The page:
I am thoroughly appalled at the fact that this school IS FILLED BEYOND CAPACITY - AGAINST CITY CODE - AGAINST THE LAW!

The only thing people on this thread should be complaining about are the conditions teachers have to work in and students are supposed to be learning in. IMO

Instead of opening up the weight room to pack children in, the BOE should care enough to open up boundaries and send children to other schools.

This mess is ridiculous and shows a true lack of planning. 20-30 kids more than expected is one thing - but this many children.... PLEASE.


Anonymous said...

The teacher wasn't calling the students beggars. She said she was begging them not to curse as they walk by her classroom.

The conditions at Glen Oak are ridiculous. It is so true that it is the same kids, same behavior day after day. Sixth grade students in a building with K students does not make sense when there are 900 kids in a building and the students are running the asylum.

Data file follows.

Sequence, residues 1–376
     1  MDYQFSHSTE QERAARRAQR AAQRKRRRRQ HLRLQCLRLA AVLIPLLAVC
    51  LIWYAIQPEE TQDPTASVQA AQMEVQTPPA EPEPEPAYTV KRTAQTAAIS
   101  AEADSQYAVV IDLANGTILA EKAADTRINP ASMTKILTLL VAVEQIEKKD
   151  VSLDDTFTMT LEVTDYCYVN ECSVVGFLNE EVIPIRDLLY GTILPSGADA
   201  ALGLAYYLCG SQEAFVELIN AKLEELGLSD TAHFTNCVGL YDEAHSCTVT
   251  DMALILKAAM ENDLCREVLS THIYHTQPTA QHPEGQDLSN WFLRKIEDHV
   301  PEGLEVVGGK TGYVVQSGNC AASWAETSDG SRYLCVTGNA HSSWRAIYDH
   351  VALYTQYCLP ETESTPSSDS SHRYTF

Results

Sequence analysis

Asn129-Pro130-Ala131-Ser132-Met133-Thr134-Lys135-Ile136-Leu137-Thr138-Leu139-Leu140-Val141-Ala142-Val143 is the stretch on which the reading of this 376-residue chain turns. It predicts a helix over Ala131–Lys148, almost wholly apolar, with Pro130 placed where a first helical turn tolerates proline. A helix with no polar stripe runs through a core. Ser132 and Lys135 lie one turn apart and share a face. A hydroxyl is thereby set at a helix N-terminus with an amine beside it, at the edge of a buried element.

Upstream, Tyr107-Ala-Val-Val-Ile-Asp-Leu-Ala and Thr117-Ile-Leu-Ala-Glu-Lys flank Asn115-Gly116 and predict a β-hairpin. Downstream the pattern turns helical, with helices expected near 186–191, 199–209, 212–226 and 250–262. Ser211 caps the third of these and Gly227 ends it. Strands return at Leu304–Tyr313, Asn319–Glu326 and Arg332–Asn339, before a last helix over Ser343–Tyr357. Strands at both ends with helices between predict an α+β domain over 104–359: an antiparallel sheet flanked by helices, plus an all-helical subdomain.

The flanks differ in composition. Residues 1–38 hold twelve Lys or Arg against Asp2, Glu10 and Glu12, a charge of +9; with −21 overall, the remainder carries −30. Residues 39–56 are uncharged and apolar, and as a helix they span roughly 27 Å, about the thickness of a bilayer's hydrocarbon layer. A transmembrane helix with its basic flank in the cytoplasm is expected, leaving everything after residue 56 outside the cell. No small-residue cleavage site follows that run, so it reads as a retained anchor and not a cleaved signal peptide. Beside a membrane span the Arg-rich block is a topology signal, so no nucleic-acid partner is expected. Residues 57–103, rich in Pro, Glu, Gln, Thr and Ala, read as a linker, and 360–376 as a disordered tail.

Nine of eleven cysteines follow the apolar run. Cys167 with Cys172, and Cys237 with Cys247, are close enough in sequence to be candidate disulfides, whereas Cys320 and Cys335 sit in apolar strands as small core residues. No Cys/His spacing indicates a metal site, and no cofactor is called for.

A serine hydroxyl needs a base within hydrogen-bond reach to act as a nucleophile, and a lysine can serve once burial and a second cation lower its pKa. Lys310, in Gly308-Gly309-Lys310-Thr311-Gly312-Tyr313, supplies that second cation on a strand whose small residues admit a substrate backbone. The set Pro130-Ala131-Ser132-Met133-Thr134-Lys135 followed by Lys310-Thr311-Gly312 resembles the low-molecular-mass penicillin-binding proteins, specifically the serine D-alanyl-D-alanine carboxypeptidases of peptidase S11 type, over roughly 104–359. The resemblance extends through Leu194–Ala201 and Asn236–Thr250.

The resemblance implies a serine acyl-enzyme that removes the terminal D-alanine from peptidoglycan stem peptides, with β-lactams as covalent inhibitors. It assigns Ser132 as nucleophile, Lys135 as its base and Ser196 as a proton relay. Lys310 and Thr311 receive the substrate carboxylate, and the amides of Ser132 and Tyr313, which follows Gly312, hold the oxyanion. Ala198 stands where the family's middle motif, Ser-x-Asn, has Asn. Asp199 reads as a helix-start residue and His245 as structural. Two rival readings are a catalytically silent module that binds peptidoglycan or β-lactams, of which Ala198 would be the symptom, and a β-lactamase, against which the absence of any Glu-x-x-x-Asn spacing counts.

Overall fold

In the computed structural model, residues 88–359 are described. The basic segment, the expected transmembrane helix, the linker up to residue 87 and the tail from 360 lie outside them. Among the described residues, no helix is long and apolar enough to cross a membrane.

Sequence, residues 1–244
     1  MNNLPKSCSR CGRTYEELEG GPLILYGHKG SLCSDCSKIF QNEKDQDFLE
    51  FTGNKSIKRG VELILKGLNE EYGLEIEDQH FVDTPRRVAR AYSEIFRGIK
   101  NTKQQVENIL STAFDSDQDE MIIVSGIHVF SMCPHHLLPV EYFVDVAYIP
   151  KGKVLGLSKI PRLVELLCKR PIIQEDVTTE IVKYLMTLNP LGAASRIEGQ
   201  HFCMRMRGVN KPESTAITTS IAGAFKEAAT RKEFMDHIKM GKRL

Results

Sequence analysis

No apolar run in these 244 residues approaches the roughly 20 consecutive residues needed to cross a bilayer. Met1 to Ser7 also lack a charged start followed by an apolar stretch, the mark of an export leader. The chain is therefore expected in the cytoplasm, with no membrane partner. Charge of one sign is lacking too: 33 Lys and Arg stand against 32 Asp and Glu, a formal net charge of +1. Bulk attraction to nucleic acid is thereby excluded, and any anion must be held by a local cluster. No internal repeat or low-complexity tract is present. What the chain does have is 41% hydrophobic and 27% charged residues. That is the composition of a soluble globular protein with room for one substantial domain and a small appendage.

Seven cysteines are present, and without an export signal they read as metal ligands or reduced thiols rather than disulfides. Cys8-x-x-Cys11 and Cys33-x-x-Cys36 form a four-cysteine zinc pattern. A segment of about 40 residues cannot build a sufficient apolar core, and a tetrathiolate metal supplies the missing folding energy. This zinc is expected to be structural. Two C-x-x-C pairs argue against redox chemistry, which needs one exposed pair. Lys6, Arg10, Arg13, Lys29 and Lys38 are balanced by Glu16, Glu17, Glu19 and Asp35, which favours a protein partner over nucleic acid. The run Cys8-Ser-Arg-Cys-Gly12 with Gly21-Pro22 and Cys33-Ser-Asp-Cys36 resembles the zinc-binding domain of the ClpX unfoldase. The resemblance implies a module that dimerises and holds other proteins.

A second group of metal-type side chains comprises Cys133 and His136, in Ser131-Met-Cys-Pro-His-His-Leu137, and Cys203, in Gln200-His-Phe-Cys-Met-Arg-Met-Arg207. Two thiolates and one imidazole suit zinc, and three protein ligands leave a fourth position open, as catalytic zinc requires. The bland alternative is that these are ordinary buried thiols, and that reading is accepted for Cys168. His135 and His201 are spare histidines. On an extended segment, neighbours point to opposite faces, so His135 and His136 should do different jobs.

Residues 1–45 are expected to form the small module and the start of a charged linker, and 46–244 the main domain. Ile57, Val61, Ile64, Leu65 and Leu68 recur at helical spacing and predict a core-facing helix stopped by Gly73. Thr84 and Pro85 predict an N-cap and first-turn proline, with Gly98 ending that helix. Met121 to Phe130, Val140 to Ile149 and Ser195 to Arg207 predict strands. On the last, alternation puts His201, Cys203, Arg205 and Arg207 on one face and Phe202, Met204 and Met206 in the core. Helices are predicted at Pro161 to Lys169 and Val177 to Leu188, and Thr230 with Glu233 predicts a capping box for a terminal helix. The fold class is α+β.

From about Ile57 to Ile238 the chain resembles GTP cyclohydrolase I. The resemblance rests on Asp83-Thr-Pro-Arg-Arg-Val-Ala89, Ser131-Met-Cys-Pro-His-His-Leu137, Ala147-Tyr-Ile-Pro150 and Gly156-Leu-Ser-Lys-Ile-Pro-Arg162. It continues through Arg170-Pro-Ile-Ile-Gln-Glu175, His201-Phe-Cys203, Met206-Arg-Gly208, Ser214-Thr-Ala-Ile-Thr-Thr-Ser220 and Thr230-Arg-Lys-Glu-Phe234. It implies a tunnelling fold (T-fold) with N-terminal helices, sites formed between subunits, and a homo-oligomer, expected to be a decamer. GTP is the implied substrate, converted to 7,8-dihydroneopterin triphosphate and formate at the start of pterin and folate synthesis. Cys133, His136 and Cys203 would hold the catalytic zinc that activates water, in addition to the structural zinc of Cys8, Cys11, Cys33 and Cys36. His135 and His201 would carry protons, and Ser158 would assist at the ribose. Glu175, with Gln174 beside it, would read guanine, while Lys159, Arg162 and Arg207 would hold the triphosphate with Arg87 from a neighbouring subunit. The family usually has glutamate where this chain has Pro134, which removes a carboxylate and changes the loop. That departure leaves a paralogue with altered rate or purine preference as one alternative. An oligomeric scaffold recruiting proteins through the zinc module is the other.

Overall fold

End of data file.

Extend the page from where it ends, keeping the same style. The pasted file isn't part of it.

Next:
As someone who has been in many different buildings teaching and observing, the difference is HUGE. Students in classrooms, teachers teaching, quiet halls, manageable numbers, a dull hum in the cafeteria at lunch--these are things you do NOT find at Glen Oak. It is TOO big, TOO many kids, TOO much chaos. EVERY child in that building is being robbed. The "good" kids are being short-changed in their education because the teacher is a referee rather than educator. The "bad" kids are learning behavior has no consequences and they are not responsible for their actions. No one should be surprised by the arrest of PSD students for crimes. It is what is in their curriculum beginning in Kindergarden.

It breaks my heart that these behaviors are not being addressed. It feels SO wrong to me to let them continue to get away with anything. Why are the expectations actually lowered for these "poor, black kids"? I want to empower them to rise up and do great things. Not run the halls, cursing, screaming, kicking, and punching and receiving NO punishment. It is so unfair and Lathan thinks I can't teach in Peoria because I'm white? I'm not the one setting the students up for failure. She is.